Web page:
My comments on the Sandy Hook tragedy focus on two distinct issues. The first issue has to do with hypocrisy. The oft-used lament of the the gun supporter is that guns don’t kill people. People kill people. In other words it’s all about personal responsibility and blaming the person behind it.
My issue is that most gun supporters also happen to be more likely to also be the same people who are all for banning RU486 (the day after drug), banning gay marriage banning software (like Napster) and a litany of other things that fall under the umbrella of personal responsibility. Take the case of the morning after pill. If you truly believe that guns don’t kill people then neither do pills. Personal responsibility would dictate that you instead focus solely on the pregnant mother to make your case.
The same is true for gay marriage. Gay marriage should be legal and your job, as a detractor, should be to appeal to the person engaging in it. Perhaps you can convince them that it’s matter of personal responsibility to not marry another man (or not be gay in the first place). Anything legal is an overreach if we’re to believe your conviction on this guns perspective.
Understand, I’m not taking issue with the Second Amendment. I’m taking issue only with the argument that we shouldn’t ban guns because guns don’t kill people. By that argument we shouldn’t do a lot of things such pro-gun people seem to also support.
The second issue is that I’m not really calling for a ban on guns. I’m not blind. If I could snap my fingers and make every gun vanish, I would. I can’t make that a reality and I think we’ve already lost the battle for my lifetime.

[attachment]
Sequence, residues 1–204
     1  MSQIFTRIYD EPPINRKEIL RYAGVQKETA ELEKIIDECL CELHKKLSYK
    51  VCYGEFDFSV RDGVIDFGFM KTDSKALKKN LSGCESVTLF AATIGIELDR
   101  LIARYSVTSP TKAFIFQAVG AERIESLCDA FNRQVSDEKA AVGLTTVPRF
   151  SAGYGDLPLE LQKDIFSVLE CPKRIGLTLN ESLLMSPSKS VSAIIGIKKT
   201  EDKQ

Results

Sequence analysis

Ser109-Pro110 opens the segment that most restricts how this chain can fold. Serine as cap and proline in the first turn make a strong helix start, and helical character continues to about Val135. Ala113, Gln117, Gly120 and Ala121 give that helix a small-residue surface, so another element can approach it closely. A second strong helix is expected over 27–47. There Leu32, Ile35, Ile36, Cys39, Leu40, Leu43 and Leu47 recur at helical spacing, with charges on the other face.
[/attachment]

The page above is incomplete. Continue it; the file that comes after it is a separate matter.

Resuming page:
However, what could have an immediate effect would be—of all things—universal access to comprehensive mental healthcare. You see, while guns may not kill people, crazy people don’t quite seem to be all that capable in the personal responsibility area. Reaching these people with help is critical.
In the current case it’s a bit more complex. Adam Lanza could have gotten all the help he needed but somehow didn’t get it. However, many of the more recent lunatics that have been running around assassinating innocent victims could very likely have benefited from direct psychological intervention and prevention.
Is it too early to ask the question of whether it’s time to consider providing universal mental healthcare? Can it really be so costly that we wouldn’t consider footing the bill if it could possibly save us from even a few of these tragedies? Some lost their jobs and snapped, others couldn’t handle life in one way, shape or form and felt like they had nowhere to turn.